With coronavirus comes news we need to protect “older people” — those 60 and above.

A protected class? As a 63-year-old, I’m all for protection — and not just against robocallers and people who would put oil wells in our national parks.

Still, I find the term “older people” disturbing. In a heartbeat, we went from climbing Mount Hood, running the Duluth Marathon and leading, following or getting out of the way of companies, to being older, a protected class. Sure, now Hood appears to be 99,000 feet above sea level and we get winded rolling down the automatic car window for takeout at a drive-through.

But hey, we’re older. No matter how much we protest, it’s true. We deserve respect. Most of us worked 40 or more years, sometimes at weird jobs like restroom maintenance, to gain these privileges. We’ve spent years not calling in sick despite feeling like a dog that got kicked by a cow.

Now with COVID-19, we’re told, especially those of us with pre-existing conditions, we are the most vulnerable — and should call in sick at the first sniffle.

The news unnerves me. Every time I sniffle, even if the air is snowy with cottonwood drift or yellow with pine pollen, I think the end is nigh.

Age 60 comes on fast. One day you’re 20 and fighting your way through the thickets of college, trying to not get herniated carrying textbooks with names like “Educational Competencies Critical Analysis Diversity Methods.”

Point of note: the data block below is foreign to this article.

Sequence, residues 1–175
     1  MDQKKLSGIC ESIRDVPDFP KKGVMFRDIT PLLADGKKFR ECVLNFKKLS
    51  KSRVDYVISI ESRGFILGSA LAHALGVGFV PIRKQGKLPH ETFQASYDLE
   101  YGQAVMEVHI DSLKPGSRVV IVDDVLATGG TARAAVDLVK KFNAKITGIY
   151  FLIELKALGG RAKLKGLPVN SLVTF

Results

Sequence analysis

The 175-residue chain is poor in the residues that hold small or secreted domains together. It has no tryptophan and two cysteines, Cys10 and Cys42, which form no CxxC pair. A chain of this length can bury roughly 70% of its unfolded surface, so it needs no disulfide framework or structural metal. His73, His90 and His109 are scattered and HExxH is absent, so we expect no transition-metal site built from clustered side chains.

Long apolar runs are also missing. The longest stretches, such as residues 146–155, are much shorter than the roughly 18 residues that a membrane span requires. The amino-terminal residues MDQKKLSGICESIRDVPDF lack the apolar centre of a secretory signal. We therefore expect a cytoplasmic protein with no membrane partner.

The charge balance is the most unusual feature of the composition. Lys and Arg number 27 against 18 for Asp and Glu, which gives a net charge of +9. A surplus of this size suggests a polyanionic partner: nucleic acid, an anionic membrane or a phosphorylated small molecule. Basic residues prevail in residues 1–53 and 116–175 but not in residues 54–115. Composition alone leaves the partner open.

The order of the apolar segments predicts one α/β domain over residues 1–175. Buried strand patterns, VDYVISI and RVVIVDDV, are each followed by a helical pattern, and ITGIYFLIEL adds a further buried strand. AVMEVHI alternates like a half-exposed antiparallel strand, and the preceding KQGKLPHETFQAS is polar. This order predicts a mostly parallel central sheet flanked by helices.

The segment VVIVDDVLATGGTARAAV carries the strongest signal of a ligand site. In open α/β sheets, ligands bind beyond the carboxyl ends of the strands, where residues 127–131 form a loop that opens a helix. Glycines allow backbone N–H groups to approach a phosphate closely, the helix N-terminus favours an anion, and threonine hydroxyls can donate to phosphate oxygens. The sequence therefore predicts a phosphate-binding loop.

Then you’re 30, going strong. You’re pumping objects overhead the weight of a Volkswagen bug full of rodeo clowns; your skin is tanned, smooth, vital.

At 40, you have a midlife crisis. You’re buying aviator sunglasses and the red convertible.

Then you hit 50. You’re losing muscle mass, seeing your first “silver” hair and joining others your age in a group panic.

Next 60 greets you with a wrinkle-and-age-spot handshake. It’s not all gloom, however, mostly because of senior discounts: maybe you look “younger” and get carded.

Then you get your order and can only eat half — and gain weight.

After working for 40-plus years, fighting traffic, turning green under fluorescent lights, who can blame us for not wanting to die with the retirement finish line in sight?

We read the obituaries religiously now to determine years from retirement to death. Did they travel? Collect lawn ornaments? Do crossword puzzles? Believe in conspiracy theories? Become part of a conspiracy theory?

We just want a chance to climb that second-childhood tree, to see grandchildren graduate college and get married.

What’s more, we don’t think of ourselves as older. We think “older people” are 10 years older than we are. Sure at 90, we might finally admit we’re old. But don’t count on it — even if the old military uniform or sports letter jacket fits like a sausage casing.

Calling us “older people” is fine, as long as younger people do their part to keep us around. They might be glad they did. Older people carry around a lot of wisdom, or at least memories of the Woodstock music festival and the moon landing. You might learn “older people” are even far out and groovy.